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COMING OUT IN THE POTTERIES

What would the neighbours think?
Marcus Wemyss takes a humorous yet poignant look back at his coming out story



Nobody in Stoke-on-Trent in the 90’s was homosexual. Obviously this was not true and is a ridiculous statement. The point I’m getting at is that it wasn’t common or viewed as normal and certainly in no way accepted. Nobody in my family had ever interacted with a gay person, at all! Until London in July of 1996, they were travelling down to the Albert hall to see a concert I was performing in with the local youth choir. (That should have rang some bells really) The drop off point of the tour bus had somehow managed to be slap bang in the middle of the annual gay pride march.

As they made their way into the street my parents jaws rocketed firmly to the floor as leather clad fetish cowboys sauntered past. Everyone thought my nan and her sister (who were linking arms at the time) were old school lesbians from the 40’s and were met with clapping and cheers from the procession. Like oh my god they were lesbians together during the war, good on you girls!  Their minds quite literally blown by this spectacle, I guess that there little bubble had been well and truly burst. They talked about this experience at great length for some time, and although they could see the funny side it was not viewed as a favorable one.
 
Years later, I didn’t want to come out of the closet to my family. I had kept it a secret for so long, why stop now? Secrets however are very clever little things; I believe they always find a way to surface unconsciously. Sometimes you just want to get caught. Mine surfaced from my unconscious in an incredibly subtle manner; when aged 17  I decided to get wasted in a local rock club and take a guy I’d pulled there back to my parent’s house to have sex with in the attic conversion. The attic conversion isn’t a euphemism by the way; it’s just the room we did it in. Cut to the morning after the night before: Does your friend want any breakfast? My mum bellowed from downstairs. "NO NO NO” I mouthed at him desperately flailing my arms in protest. But alas he really wanted a cuppa and a good chin wag with mother dearest, I was powerless to prevent it. My bleached blonde, Goth-rocker conquest as it turned out over tea and toast, was a pagan white witch, living in a YMCA, was madder than a box of frogs and camper than gay Christmas at the Liberace residence. I just sat there nursing the world’s worst hangover; waiting for a great chasm to open up underneath the living room floor and swallow me whole, but it never came.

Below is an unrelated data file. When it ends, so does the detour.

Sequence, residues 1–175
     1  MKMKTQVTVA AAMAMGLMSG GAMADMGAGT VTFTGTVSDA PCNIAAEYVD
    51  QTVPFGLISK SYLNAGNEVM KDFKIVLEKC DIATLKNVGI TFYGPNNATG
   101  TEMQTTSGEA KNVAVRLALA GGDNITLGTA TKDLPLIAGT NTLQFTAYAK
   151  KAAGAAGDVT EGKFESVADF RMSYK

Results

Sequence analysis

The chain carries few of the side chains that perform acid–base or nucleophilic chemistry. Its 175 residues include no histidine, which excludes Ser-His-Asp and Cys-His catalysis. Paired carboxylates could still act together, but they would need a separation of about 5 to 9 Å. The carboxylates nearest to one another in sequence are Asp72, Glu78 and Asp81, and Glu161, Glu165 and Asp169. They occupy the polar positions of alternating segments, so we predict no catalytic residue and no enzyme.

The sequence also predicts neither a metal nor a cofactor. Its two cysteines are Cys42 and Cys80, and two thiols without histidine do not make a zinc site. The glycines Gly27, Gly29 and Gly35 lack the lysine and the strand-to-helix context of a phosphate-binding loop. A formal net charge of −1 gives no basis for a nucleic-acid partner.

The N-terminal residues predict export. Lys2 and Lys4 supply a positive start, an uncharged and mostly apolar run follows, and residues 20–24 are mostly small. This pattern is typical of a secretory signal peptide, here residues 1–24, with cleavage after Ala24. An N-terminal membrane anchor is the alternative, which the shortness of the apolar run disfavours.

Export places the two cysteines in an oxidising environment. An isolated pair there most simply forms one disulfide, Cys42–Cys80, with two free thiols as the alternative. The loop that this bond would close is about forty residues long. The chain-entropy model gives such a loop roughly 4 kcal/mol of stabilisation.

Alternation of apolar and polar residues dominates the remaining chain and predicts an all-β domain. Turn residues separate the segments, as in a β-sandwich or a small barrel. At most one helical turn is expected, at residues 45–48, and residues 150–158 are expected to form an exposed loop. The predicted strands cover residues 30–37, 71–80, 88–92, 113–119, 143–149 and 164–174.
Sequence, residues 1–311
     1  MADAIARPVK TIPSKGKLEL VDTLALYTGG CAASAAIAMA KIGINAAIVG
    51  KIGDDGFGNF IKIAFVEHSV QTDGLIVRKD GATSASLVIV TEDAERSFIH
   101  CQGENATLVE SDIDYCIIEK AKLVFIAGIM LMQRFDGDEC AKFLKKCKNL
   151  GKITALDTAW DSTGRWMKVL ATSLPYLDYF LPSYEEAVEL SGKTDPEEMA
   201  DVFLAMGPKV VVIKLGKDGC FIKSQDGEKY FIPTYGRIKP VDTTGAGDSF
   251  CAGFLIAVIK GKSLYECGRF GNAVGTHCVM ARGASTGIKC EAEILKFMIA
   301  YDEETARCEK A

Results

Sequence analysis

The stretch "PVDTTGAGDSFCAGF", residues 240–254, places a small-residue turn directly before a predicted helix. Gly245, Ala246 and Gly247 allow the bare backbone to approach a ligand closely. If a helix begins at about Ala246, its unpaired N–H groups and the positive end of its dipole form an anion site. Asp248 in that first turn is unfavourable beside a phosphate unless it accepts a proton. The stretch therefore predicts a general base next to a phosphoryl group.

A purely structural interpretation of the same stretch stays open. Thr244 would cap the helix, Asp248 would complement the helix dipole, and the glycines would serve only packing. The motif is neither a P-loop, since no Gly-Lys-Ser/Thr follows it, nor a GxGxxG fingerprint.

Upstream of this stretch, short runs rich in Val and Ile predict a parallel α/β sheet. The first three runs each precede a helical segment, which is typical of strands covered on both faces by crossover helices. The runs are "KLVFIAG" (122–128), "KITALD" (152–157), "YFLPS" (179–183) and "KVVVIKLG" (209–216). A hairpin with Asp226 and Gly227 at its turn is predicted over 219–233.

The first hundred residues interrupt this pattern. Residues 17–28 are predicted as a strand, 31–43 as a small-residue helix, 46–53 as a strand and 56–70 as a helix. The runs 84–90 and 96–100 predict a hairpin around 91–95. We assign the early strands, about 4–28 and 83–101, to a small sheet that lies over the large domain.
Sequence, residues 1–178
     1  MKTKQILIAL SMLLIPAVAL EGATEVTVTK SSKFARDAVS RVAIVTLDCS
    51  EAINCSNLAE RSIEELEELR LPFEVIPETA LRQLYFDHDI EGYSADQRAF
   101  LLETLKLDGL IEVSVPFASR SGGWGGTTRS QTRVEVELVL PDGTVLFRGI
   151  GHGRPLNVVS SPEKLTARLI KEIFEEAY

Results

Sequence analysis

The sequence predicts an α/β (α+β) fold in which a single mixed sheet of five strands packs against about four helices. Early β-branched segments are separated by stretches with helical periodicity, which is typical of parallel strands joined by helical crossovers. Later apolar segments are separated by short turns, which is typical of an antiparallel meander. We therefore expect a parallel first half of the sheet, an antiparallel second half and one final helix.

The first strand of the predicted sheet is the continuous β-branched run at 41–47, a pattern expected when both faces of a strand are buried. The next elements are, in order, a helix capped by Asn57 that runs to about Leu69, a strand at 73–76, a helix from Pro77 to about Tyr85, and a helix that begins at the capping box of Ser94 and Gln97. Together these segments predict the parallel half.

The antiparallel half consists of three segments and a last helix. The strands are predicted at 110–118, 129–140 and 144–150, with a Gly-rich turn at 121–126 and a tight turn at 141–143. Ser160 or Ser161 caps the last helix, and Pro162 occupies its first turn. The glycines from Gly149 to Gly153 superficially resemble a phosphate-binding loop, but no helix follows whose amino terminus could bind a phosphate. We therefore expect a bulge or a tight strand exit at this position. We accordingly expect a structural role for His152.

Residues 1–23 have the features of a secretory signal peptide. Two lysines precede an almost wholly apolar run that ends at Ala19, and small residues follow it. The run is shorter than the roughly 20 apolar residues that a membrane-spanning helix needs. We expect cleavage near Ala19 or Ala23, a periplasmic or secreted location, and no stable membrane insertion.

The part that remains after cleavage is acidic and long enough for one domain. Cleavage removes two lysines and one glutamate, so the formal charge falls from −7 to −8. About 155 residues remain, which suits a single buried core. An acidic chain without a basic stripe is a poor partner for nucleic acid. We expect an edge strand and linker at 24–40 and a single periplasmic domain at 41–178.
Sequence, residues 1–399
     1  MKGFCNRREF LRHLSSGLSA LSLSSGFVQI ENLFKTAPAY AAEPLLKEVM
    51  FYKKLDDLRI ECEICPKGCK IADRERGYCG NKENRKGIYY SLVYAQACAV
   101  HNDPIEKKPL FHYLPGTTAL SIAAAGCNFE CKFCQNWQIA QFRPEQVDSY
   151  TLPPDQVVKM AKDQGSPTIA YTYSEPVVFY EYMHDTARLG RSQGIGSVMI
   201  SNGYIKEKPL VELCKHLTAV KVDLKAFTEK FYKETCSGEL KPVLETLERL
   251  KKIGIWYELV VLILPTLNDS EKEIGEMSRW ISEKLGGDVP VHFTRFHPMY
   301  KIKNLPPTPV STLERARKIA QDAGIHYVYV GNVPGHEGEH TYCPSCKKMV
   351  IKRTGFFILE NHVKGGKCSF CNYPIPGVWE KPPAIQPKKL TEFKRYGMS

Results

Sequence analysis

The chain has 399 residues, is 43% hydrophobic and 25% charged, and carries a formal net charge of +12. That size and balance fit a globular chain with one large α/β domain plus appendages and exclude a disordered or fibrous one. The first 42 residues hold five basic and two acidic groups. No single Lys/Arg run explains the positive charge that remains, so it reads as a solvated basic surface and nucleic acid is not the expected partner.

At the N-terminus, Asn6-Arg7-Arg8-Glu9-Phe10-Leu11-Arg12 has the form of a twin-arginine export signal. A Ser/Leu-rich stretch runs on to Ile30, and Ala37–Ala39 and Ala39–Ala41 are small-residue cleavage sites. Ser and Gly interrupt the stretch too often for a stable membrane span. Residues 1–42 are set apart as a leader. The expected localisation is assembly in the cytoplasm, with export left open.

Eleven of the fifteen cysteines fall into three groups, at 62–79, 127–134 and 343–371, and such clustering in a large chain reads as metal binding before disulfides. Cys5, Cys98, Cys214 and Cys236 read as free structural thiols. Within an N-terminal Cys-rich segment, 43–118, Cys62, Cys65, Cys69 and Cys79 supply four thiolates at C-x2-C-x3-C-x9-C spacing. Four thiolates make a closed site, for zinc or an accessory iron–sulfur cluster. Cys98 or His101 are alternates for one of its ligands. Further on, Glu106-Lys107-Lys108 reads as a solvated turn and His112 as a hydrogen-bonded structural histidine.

Spectacularly unimpressed by my "new friend” and the morning’s events my mum rang me at work. She asked me if "that lad from this morning was a gay?” Then proceeded to tell me quite explicitly that on her orders I should not be gay myself. It dawned on me that there was little chance of this whole thing just blowing over by the time I’d get home.  When I finally told my parents that evening; they reacted in a completely different way to that which I had always imagined. I had envisioned the scenario at great length playing it over and over in my mind.   My strict Christian father would throw me head first through the living room window and disown me whilst my doting mother looked on in terror and leaped to my aid. In reality my dad didn’t bat an eye lid and said it was fine. My mum on the other hand proclaimed immediately that she couldn’t bear it and wanted to throw herself under a bus. More importantly, she howled sobbing and distraught "What would the neighbours think!?”In that moment I had destroyed all her illusions of her son.  A whole imagined brood of grandchildren slaughtered before her eyes. Her perfect idea of me and my future shattered. To everyone else my sexuality was kind of obvious, a lot of people knew a long time before I even did. But parents, more often than not only see what they want to see. 

Although it turned out my father wasn’t in fact 100% fine with it, my mother found it especially difficult to come to terms with. I can’t count the arguments we had, the discussions, the sleepless nights, the sheer effort it took for them to accept who I am. Truly accept it. All the while I was desperately struggling to come to terms with it myself with little support. All my family know I’m gay and have done for a long time now, if anyone does have a problem with it, they keep it to themselves. That is all I want really.  They have met boyfriends and welcomed them into their home; they are interested in my love life and vested in my happiness. My younger cousin recently came out as lesbian. My parents accepted it without question and I’m sure that given time, hers will too. I’d say were a pretty tolerant bunch. It wasn’t always that way but things can change.  That’s my coming out tale, to quote Morrissey and the Smiths: "I can smile about it now but at the time it was terrible.”  Years later I am comfortable with who I am.  If I could go back in time, I might have come out differently but I’m sure as hell glad I’ll never have to do it ever again.

 
Marcus is now a successfull artist living in the Potteries. Here's one he sold earlier.....



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